Detained Canadian does not have diplomatic immunity, says China

Nellie Chapman
January 14, 2019

China's court has sentenced a Canadian man to death for drug smuggling - a verdict likely to reignite a diplomatic row between the two countries.

A new trial was ordered and took place Monday, in China's Liaoning province, with Schellenberg being found guilty and given a death sentence.

Huawei Chief Financial Officer Meng Wanzhou was arrested at the Vancouver airport on December 1 at the request of the United States, which wants her extradited to face fraud charges.

Experts said retrials are rare in China, especially ones calling for a harsher sentence, but rights groups noted that courts are not independent and can be influenced by the Communist Party.

After the retrial, Schellenberg's lawyer, Zhang Dongshuo, said: "The sentence is very regretful".

The high court hearing came after Canada's arrest of Huawei chief financial officer Meng Wanzhou at the request of authorities in the USA on December 1st. In November 2018, he was sentenced to 15 years in jail and a fine amounting to 150,000 yuan ($22,185). His appeal backfired as a high court in Liaoning ruled in December that the sentence was too lenient given the severity of his crimes.

On Friday, Donald Clarke, a specialist in Chinese law at George Washington University, said in a blog post that Schellenberg's case had several unusual features, including the delay in trial and sentencing, the rare decision for and extraordinary speed in scheduling a retrial, and invitations to worldwide media to observe the case.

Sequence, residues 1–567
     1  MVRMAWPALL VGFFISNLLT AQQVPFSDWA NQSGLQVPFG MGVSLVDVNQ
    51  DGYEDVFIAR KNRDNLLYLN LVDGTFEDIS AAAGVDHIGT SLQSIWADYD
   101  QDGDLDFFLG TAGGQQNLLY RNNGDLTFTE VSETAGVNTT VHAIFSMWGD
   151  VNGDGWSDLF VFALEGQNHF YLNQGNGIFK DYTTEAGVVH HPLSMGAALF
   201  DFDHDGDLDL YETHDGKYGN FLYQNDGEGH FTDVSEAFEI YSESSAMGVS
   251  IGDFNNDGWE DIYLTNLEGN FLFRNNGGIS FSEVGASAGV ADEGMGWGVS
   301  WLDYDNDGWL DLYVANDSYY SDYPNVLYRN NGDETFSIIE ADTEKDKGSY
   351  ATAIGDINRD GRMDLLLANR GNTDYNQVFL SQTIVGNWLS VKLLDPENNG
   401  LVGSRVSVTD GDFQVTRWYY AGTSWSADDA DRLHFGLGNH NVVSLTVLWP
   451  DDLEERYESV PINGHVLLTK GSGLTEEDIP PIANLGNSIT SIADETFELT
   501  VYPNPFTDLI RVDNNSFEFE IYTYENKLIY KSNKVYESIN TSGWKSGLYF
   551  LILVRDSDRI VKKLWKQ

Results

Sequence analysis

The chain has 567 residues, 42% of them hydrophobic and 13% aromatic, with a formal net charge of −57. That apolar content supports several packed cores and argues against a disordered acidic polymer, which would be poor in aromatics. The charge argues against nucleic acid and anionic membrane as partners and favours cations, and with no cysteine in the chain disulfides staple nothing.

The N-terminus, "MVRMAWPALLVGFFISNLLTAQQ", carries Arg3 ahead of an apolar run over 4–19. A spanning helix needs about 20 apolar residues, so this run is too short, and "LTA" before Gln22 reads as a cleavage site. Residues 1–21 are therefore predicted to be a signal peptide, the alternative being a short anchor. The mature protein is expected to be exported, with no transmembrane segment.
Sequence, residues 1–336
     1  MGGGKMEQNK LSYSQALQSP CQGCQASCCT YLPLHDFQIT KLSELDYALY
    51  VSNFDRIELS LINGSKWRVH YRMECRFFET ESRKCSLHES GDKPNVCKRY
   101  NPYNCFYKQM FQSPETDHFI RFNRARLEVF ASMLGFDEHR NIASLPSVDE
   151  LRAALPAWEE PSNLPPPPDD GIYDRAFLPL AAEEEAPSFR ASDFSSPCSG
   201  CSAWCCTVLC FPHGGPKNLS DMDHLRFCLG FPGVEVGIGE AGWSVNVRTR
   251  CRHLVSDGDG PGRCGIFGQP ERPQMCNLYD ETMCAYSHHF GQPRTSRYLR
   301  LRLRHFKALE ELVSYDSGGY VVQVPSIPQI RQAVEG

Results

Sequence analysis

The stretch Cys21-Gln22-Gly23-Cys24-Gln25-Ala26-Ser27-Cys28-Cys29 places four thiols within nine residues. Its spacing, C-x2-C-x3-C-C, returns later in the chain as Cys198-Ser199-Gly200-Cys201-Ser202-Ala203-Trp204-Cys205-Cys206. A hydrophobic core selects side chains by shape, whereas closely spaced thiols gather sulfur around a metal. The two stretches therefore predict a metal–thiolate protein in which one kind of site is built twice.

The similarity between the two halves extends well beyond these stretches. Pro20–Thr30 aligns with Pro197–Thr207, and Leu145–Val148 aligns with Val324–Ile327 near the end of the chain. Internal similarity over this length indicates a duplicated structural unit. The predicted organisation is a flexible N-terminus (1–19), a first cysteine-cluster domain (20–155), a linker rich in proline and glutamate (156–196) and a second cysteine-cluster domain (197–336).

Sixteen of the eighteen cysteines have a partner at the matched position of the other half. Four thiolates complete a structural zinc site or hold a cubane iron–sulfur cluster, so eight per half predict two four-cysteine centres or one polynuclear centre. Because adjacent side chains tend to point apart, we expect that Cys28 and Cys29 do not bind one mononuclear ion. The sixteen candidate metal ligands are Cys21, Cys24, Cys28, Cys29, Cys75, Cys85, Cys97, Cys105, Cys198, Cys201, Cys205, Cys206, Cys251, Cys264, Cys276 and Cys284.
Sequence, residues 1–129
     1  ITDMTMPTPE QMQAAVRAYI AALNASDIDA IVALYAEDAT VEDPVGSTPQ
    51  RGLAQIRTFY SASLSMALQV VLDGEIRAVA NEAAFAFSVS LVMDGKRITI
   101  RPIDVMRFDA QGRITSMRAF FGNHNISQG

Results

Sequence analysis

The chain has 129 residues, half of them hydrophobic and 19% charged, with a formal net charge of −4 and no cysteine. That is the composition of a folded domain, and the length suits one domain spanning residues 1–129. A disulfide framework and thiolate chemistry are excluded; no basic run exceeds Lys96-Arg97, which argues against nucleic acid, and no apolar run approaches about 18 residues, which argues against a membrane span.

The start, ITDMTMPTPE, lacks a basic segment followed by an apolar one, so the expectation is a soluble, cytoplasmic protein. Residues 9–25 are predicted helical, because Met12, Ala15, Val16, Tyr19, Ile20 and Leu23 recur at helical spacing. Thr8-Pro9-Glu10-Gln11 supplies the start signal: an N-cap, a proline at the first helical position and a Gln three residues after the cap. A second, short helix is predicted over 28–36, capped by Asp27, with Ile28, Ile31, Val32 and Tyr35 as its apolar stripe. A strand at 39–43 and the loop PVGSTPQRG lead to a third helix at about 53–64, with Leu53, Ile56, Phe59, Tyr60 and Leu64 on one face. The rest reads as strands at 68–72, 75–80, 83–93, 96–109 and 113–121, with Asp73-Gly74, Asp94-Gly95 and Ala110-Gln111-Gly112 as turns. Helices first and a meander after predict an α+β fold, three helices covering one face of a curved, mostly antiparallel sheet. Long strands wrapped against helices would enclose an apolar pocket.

As well imposing the death sentence on Schellenberg, Chinese authorities arrested two Canadians last month: Michael Kovrig, a former diplomat; and Michael Spavor, a businessman.

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Prosecutors told the court that they "now have evidence that highly suggests Schellenberg was involved in organised global drug crime", China's central television broadcaster said in an online report.

"The Chinese approach is to make a point, and I think even their ambassador here has suggested that they've made their point", said Hyder.

Amnesty China researcher William Nee.

Some foreign experts have said China's swift action in all three cases appeared meant to pressure Canada to free Meng and return her to China, rather than sending her to the United States.

Schellenberg was again found guilty of taking part in an worldwide drug-smuggling ring, according to the Wall Street Journal.

Chinese prosecutors say that Schellenberg was part of an worldwide syndicate which planned to send some 222kg of methamphetamine to Australia, hidden within plastic pellets concealed in rubber tyres.

Hua, the foreign ministry spokeswoman, called on Poland to allow Chinese diplomats to visit the suspect, Wang Weijing, and handle the case in accordance with the law. At a news briefing Friday, a spokesman for the ministry, Lu Kang, said critics should not undermine Chinese law for political purposes.

China has executed other foreigners for drug-related crimes in the past, including a Japanese national in 2014 and a Filipino in 2013.

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